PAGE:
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Night of the Demon (aka Curse of the Demon, 1957) – Episode 28 – Decades of Horror: The Classic Era

“Please don’t treat me like a mental patient who has to be humored. I also majored in psychology.”  As a horror fan, how many times have you said those very same words? It gets old, doesn’t it? Erin Miskell is still on sabbatical binging on pizza with pineapple, but you can join guest host Jerry Chandler and the rest of your regular Grue Crew – Joseph Perry, Chad Hunt, and Jeff Mohr – as they attempt to hide behind a facade of sanity while, a little too gleefully, discussing one of Jacques Tourneur’s masterpieces, Night of the Demon (1957). Or is it Curse of the Demon? It’s hard to remember while faking sanity. We owe this selection to our faithful Patreon listeners who chose this film from a poll of six classic era titles.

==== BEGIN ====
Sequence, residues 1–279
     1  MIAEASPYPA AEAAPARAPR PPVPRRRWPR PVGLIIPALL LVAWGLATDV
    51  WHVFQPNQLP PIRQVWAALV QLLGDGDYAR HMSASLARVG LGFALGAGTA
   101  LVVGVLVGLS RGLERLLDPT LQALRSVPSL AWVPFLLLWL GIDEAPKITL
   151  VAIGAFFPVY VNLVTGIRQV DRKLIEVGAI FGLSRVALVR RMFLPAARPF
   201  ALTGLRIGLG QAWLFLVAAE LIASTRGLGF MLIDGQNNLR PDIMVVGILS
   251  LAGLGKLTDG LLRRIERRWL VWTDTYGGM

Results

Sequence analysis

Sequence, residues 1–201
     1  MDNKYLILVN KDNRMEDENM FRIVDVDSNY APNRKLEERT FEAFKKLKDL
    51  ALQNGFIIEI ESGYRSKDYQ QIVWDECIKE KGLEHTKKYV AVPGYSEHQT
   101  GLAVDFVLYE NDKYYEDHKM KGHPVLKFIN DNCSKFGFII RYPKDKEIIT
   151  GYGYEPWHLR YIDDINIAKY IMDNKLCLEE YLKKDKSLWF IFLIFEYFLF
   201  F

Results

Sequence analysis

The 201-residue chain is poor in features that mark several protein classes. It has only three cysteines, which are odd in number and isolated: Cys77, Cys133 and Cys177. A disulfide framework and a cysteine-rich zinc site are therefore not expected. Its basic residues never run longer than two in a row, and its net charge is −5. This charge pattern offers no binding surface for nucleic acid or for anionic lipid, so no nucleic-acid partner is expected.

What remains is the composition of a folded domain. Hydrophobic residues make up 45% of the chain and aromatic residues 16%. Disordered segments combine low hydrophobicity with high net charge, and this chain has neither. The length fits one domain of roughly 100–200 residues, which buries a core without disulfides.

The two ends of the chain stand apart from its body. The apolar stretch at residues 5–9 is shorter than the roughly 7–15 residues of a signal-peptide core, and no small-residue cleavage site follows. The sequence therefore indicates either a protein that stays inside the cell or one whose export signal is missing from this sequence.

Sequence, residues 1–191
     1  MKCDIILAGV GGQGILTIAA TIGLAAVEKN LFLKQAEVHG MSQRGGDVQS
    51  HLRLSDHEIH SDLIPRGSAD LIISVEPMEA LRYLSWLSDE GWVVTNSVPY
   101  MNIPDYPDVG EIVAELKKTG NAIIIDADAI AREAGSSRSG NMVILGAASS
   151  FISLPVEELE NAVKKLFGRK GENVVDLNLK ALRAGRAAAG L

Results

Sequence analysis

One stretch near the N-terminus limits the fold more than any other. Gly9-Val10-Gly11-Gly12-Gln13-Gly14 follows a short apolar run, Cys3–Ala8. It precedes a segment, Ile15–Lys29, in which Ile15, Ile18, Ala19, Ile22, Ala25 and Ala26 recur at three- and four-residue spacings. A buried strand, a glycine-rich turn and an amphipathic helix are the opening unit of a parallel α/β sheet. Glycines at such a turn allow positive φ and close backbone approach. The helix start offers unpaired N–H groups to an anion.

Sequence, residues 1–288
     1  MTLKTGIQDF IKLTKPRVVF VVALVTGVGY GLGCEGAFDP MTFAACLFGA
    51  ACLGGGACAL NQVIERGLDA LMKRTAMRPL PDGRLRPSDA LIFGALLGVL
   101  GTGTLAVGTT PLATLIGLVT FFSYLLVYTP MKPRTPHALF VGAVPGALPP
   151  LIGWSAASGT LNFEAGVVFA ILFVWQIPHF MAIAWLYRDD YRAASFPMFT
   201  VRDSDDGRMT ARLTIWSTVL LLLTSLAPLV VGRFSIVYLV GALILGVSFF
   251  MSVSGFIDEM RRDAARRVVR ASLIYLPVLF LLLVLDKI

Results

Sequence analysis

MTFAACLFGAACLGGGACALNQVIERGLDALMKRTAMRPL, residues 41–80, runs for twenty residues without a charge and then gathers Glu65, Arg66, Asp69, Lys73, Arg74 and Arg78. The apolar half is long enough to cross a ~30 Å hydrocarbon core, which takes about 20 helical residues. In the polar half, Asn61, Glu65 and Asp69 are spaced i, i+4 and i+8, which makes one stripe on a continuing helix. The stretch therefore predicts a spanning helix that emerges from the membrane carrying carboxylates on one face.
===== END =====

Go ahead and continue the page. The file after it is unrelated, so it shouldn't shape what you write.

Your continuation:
Decades of Horror: The Classic Era
Episode 28 – Night of the Demon (1957)

Directed by Jacques Tourneur. That statement, alone, should be enough to interest viewers in Night of the Demon. Written by Charles Bennett. That, too, should be enough for fans of early Hitchcock to perk up and take notice. Adapted from the M. R. James story, “Casting the Runes.” Now the interest of 20th century ghost story fans is peaked.

Night of the Demon tells the story of Professor John Holden (Dana Andrews), a hardline skeptic of the occult, as he does battle with the evil Doctor Karswell (Niall MacGinnis), the leader of a cult of Satan worshippers. Holden is joined in his fight by Joanna Harrington (Peggy Cummins), whose father was murdered as the result of a Karswell curse. The intrepid professor is also aided by Karswell’s mother (Athene Seyler) and fellow professional Mark O’Brien (Liam Redmond).